A Lament for My Community

A year ago this month the Lord spoke to me about "Embrace."  I decided to go through my days embracing the people, situations, and opportunities that presented themselves.  It turns out that this posture has led to me having to embrace a lot of pain- my own pain and brokenness, the pain of my friends, and the pain of my city.  In learning to embrace, I have been learning a lot about lament and mourning.  In my attempt to obey the call to embrace, I have found the Scriptures rich with lament and mourning that is raw and open before the Lord.  These passages have become my comfort and guide and my permission to cry out in a world that tempts me to numb, distract, and fake my feelings. 

I share here a lament I wrote for my city:

My Lament:

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A Time for Mourning

Sorrow is underrated in our culture. We don’t like to be sorrowful and try to avoid it like the plague. When sorrow hits us and we truly feel regret for something we did, or we are grieving because of something that happened to us, our goal is to get past it and move forward as soon as possible. Nobody likes to live with sorrow. We would much rather have joy in our lives.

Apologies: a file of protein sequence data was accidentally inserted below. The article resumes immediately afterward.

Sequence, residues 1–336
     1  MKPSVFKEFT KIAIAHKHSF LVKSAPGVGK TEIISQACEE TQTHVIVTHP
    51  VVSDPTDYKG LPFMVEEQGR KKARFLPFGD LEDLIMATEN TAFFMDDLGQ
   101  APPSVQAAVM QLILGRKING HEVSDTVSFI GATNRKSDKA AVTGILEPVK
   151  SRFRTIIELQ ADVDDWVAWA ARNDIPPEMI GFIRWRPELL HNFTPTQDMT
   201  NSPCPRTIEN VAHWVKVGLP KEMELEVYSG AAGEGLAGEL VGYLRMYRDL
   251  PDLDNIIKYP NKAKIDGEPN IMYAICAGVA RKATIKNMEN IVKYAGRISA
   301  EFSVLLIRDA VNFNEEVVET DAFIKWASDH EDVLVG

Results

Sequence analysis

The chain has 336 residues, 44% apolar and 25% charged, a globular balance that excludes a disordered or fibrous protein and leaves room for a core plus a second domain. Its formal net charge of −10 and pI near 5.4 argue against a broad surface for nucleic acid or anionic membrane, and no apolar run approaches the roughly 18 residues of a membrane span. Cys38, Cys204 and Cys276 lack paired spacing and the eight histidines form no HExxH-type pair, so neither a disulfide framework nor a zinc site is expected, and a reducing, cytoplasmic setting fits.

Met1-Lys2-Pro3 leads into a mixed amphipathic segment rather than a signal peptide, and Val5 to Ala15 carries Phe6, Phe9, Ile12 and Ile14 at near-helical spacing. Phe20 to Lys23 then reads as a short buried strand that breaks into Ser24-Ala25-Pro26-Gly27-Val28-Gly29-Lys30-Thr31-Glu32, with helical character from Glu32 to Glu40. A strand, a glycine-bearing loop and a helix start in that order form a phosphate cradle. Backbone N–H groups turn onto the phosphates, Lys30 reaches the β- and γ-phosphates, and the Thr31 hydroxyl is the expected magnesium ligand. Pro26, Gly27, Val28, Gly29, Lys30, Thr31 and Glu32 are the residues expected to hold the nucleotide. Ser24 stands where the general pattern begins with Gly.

I've been doing some study in the book of James, and I ran across this startling verse: "Be wretched and mourn and weep. Let your laughter be turned to mourning and your joy to gloom" (James 4:9). Talk about a buzzkill. What are we supposed to do with that. Our natural response is probably to ask “Why?”

Why would anybody want to deliberately stop laughing and start mourning? Isn’t laughter the best medicine and the perfect way to deal with our present troubles? Didn’t James himself say in the opening to his letter that we are to “count it all joy” when we encounter trials? Yes he did, but apparently James believes the path to that joy comes not through laughter, but through sorrow. It's taken me a while for this to sink in, but I think I know what he means.

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Glad Tidings and Great Mourning

A daughter of a friend of mine passed away this month. Since then I have been acutely aware of those who are mourning this season. People I normally don’t think of much have been coming to mind---my sister’s friend who lost her husband, my friend Kari for whom this will be her first Christmas without her mom. Last year I met my sister’s friend on Christmas Eve and now he is dead--leaving behind a wife my age and a small son. 

Kizzy is getting through Christmas without her husband and another friend too because of a divorce.  Others are mourning job losses and being far from home.  And now today, millions of students mourn the defeat of the Dream Act--a law that would make a way for people raised in the United States to earn their legal residency by going to college or serving in the military. After ten years of work, advocacy, and the bill passing the House of Representatives, we missed the vote by five votes. I feel disappointed and sad.  I feel my friends’ grief and loneliness.